TJC Issues 2023 Patient Safety Objectives for HOPDs, ASCs, Office Procedures

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The four pillars of The Joint Commission’s (TJC) National Patient Safety Goals for ambulatory health care and office-based surgery for this year are the same: Identify patients correctly, use medicines safely, prevent infection and prevent mistakes in surgery.

National Patient Safety Awareness Week, observed from March 12-18, is a good time to review TJC’s updated chapters on ambulatory health care and office-based surgery program. TJC, the Institute for Healthcare Improvement, the Center for Patient Safety and other groups across the country use the week to assist healthcare facilities by educating them on how to reduce medical errors.

Here's a streamlined version of what is contained in the chapters:

To ensure you’ve confirmed the patient’s identity, use at least two methods of identification. “For example, use the patient’s name and date of birth,” states a TJC release. “This is done to make sure that each patient gets the correct medicine and treatment.”

Regarding the medicines themselves, the TJC says to label any medications that are not labeled in syringes cups or basins before they are taken to the beside. “Do this in the area where medicines and supplies are set up,” advises the TJC.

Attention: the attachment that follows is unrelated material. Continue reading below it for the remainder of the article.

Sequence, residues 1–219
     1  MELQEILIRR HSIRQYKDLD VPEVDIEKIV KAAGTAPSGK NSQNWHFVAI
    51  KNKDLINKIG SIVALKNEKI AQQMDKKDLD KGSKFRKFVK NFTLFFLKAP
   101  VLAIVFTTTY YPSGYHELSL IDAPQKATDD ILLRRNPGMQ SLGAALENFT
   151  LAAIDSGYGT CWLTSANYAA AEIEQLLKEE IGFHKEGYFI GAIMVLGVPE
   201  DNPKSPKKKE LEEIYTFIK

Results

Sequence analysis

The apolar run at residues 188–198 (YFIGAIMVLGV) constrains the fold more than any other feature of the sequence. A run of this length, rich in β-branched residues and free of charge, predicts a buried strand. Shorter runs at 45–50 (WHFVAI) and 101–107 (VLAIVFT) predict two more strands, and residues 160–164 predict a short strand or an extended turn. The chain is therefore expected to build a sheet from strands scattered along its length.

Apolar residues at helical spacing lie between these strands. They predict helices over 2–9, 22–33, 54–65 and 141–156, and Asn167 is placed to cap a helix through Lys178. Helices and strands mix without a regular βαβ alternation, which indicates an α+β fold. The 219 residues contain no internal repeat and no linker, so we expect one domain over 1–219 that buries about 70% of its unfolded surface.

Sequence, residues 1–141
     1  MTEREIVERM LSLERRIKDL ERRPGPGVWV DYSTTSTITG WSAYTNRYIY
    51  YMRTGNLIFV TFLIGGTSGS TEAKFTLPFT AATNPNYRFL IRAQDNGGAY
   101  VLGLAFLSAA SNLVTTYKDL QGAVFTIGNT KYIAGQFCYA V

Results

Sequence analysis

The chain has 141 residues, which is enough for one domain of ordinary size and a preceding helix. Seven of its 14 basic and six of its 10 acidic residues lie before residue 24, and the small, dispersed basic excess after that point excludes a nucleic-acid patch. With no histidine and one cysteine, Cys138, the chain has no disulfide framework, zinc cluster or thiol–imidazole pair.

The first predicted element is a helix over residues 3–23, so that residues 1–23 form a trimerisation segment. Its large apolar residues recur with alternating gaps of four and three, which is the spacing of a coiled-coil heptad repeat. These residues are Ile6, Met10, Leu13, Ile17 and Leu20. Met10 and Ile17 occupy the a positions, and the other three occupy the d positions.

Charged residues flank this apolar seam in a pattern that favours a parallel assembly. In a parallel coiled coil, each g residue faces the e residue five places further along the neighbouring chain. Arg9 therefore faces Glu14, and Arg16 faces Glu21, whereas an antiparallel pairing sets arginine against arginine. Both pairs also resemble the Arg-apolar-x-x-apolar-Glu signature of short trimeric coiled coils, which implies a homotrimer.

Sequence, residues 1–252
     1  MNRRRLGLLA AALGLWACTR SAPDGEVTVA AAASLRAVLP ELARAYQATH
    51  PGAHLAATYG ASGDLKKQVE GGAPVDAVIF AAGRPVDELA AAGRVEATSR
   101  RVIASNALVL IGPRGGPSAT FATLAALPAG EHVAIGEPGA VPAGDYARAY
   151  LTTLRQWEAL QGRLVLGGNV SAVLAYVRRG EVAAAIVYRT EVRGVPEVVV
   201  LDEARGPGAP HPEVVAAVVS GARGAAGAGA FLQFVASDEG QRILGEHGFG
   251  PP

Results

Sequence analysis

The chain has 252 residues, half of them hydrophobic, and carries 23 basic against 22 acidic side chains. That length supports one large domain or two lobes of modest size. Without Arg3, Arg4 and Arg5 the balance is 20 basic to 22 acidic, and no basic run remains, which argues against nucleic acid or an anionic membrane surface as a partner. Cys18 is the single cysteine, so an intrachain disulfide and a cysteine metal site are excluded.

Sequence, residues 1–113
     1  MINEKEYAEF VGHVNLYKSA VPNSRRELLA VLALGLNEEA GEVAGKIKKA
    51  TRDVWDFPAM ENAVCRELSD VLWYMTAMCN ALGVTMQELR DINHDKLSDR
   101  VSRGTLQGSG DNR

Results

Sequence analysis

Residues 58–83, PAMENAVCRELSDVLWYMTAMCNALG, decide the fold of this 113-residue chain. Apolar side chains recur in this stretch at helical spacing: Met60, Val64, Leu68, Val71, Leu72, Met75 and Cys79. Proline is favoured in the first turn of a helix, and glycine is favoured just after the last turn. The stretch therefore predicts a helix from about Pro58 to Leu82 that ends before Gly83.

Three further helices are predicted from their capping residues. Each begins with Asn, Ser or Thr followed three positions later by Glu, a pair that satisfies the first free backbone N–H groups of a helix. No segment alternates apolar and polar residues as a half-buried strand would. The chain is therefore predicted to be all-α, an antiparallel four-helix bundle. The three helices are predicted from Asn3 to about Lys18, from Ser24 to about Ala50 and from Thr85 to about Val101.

Extra care should be taken with patients on blood thinners – and all medications patients are on should be recorded and passed along to colleagues involved in the next step of care. “Find out what medicines the patient is taking. Compare those medicines to new medicines given to the patient. Give the patient written information about the medicines they need to take. Tell the patient it is important to bring their up-to-date list of medicines every time they visit a doctor,” says the TJC release.

One of the best ways to prevent infections is to use hand hygiene guidelines from the CDC or the WHO.

To prevent wrong-site or wrong-procedure surgery, TJC advises to mark the site of the surgery beforehand and engage in a robust timeout just before the incision is made to confirm the correct procedure is being performed on the correct patient on the correct side of their body. An additional timeout can be added before anesthesia is administered to involve the patient in the confirmation process. OSM

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